With an exhausted and pained yawn, Tony searched the refrigerator for something, anything edible. The bruises on his face were finally subsiding ever so slightly, and he could see clearly out of his right eye. However, the gash on his forehead had turned out to be deeper than he and Madi had initially thought, and so took much longer to heal than was expected. It was still an angry red slash across his forehead-frightfully tender-and so usually protected beneath a large band-aid.
Bill had chosen the casual approach to his "lesson", for he didn't want Tony to catch on quick enough to run. So, when his son had found a suitable breakfast, he approached him with the subject.
"So, Tony. You got a girlfriend or anything?" he asked pleasantly. Tony became immediately suspicious, for his father never asked about anyone but Mark and Ralph. Choosing his words rather carefully, he replied, "Well, I've been hangin' out with this one girl. She's pretty cool." He dared not ask why, because any hint of questioning his father's motivations resulted in an immediate beating.
"Really, now? Alright, well, where's your jacket? The one I spent four months' salary on? I haven't seen you wearing it lately," he continued slyly. Tony grimaced, not knowing how to answer. However, he didn't need to think of a reply, for his father didn't give him the chance to do it.
"And, I'm just wondering. How long have you been rentin' out your old treehouse?"
Just like that, the jig was up. Tony knew he was caught, so he tried for the truth, hoping maybe his father was in a good mood today.
"Dad...she's homeless...She doesn't have anywhere else to go and I just-" As expected, his father cut him off by pitching the dining table, along with Tony's meager breakfast, inches over Tony's head and lunged at him. Shoving his chair from behind him, Tony sprinted for the front door, knowing that beating may very well be his last. Just centimeters from freedom, his father's fingers snagged the waistline of his boxers and his other hand grabbed him by the neck, harshly yanking him down to the ground. Blows began to rain down on him, along with his father's senseless bellowing about what an ungrateful, irresponsible child he was. As his father wrenched him to his feet by one arm, he saw his mother come racing down the hallway to see what the commotion was about. When she saw the brutal, one-sided fight going on between her husband and son, she began to shriek at her husband to stop. The action was so out of character for her that Tony stopped struggling for a split second before suffering a heavy blow to the chin. Seeing the blood spurt from his suddenly split jaw, she picked up the nearest object, which happened to be a vase full of dead flowers, and pitched it at the back of her husband's head. Seconds before it collided with the base of his skull, Bill whipped his head out of the way, allowing the vase a perfect path to his son's already bloodied face. Upon impact, the glass shattered into shards, some of them reopening the wound on Tony's forehead and resulting in a river of blood cascading over his eyes. Yelping in pain, Tony stumbled and hit the ground in a heap, still shocked at his mother's reaction. As his father charged her, the whole thing seeming to happen in slow motion, he waited for some sort of explanation.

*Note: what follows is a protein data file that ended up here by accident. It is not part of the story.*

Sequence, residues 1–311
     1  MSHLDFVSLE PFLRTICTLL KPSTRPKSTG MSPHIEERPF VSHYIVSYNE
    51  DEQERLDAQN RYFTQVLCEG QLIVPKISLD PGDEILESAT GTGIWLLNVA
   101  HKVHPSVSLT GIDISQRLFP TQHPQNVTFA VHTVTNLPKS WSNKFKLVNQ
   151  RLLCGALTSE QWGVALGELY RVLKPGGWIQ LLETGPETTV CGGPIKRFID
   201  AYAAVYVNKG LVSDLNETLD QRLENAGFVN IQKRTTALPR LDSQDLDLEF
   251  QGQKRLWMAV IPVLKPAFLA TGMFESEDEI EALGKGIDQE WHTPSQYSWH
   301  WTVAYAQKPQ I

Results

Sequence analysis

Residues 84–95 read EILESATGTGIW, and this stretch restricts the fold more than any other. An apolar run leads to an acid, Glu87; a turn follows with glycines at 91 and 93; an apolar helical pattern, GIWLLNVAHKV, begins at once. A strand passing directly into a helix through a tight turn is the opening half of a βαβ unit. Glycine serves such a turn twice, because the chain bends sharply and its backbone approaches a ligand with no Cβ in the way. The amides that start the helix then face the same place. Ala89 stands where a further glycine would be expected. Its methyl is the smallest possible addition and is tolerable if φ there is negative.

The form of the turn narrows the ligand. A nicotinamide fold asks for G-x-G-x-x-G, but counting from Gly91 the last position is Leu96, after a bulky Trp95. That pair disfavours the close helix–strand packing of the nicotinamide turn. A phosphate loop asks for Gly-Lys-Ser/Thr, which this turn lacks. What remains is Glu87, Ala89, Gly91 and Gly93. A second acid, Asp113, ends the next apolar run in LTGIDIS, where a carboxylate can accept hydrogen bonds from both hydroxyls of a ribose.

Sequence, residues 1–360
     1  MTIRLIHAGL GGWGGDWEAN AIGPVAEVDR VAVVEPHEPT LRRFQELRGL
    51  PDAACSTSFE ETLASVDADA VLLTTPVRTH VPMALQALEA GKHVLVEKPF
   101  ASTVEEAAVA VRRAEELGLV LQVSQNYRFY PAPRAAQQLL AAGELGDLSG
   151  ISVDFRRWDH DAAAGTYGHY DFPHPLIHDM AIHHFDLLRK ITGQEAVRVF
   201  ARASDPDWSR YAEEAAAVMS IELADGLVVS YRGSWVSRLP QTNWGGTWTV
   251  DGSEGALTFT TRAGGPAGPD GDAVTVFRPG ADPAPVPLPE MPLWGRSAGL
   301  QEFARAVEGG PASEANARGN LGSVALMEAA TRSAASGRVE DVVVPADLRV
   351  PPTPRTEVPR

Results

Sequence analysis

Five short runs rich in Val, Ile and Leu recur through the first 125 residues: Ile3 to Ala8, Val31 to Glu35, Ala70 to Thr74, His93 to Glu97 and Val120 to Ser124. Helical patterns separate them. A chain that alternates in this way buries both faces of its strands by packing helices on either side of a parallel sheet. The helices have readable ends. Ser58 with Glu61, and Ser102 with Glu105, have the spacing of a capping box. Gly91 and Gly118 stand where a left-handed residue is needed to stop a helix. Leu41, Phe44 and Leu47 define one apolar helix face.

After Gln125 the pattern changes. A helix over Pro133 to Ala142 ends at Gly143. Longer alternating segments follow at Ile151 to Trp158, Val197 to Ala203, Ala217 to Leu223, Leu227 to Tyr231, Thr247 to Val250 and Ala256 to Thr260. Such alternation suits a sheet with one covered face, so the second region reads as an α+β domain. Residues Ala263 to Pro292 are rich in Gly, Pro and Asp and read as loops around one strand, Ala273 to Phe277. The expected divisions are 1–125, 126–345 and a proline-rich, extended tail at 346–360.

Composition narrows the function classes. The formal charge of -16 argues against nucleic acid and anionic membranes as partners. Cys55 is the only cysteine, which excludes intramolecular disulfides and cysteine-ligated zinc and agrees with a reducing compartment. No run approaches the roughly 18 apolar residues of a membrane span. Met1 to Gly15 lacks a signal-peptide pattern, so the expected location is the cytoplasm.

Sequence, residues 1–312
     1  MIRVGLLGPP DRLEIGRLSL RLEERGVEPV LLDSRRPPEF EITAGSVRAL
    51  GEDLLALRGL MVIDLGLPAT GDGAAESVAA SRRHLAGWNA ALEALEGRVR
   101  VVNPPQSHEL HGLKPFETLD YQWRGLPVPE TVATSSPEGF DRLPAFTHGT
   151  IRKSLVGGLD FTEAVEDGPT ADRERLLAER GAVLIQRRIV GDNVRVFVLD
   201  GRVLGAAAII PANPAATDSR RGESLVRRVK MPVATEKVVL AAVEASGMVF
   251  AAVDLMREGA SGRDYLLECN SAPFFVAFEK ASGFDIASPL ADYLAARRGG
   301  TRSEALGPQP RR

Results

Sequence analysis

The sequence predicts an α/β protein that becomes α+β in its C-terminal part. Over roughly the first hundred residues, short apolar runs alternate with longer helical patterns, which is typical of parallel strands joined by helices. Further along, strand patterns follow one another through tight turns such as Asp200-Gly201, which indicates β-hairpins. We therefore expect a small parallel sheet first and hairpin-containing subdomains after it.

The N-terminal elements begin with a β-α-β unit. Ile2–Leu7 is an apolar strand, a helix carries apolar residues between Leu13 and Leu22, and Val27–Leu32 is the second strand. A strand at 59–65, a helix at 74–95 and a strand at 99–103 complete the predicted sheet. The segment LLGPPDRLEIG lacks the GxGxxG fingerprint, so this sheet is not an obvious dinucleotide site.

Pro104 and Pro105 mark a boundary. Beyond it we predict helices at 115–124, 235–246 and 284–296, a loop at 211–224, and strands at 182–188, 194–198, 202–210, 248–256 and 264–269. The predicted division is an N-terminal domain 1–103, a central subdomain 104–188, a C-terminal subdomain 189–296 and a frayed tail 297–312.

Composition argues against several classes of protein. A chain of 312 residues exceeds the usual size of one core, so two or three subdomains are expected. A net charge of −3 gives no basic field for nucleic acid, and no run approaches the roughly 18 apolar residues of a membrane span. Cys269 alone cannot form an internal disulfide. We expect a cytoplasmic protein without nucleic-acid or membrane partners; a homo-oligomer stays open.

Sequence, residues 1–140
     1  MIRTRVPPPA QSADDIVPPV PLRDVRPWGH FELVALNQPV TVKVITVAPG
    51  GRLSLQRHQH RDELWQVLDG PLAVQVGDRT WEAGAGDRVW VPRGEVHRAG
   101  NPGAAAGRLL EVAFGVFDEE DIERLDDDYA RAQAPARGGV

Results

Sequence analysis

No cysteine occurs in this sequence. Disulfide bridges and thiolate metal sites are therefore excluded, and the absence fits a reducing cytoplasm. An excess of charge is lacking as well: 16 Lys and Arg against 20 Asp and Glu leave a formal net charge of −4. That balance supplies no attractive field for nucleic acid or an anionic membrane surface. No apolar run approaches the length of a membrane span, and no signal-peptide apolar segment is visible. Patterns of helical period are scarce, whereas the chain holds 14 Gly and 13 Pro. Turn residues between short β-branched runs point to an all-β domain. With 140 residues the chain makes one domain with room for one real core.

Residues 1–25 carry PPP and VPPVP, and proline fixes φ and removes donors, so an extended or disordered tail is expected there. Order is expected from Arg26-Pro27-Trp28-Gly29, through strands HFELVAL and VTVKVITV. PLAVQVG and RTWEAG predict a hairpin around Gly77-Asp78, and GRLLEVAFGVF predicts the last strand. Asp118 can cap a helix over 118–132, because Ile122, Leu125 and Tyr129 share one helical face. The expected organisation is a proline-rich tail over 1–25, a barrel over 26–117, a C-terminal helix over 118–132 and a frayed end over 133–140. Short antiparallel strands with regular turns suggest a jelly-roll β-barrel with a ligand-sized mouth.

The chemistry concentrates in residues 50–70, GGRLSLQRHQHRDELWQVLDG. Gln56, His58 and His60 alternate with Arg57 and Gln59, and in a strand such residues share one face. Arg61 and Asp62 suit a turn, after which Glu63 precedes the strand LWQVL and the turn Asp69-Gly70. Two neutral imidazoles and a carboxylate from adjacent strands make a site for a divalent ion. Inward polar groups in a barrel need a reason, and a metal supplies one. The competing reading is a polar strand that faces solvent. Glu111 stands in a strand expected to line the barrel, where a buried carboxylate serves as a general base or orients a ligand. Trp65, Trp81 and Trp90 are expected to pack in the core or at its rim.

"You can't do that! You want the cops to come and arrest us?! You can't do that! We'll get thrown in jail, Bill!" she screamed at her husband.
In that moment, Tony's love for the both of them evaporated instantly, and was replaced by boiling hatred and rage. Saying good riddance to the both of them as the argument between them escalated to a fistfight, he staggered out of the front door, heading for Mark's house.
"It's Howdy Doody Time! It's Howdy Doody Time! Bob Smith and Howdy Do say howdy do to you!"
Little Donnie Jacobs sang the theme song to his favorite TV show while walking home from the library. His family had come home from California early this summer, and now he was hoping to run into Madi to tell her. After all, all of the other kids were still on vacation, and Madi was the only one he could really spend time with without being afraid of running into Tony. He tugged his baseball cap lower on his head to block the baking sun from burning his eyes as he walked. Glancing at his Howdy Doody watch to check the time, he quickened his pace to reach home in time to catch the start of (you guessed it) Howdy Doody. As he passed Main Street, voices attracted his attention from a block or two away. He stopped dead in his tracks when he realized who the angry voices belonged to.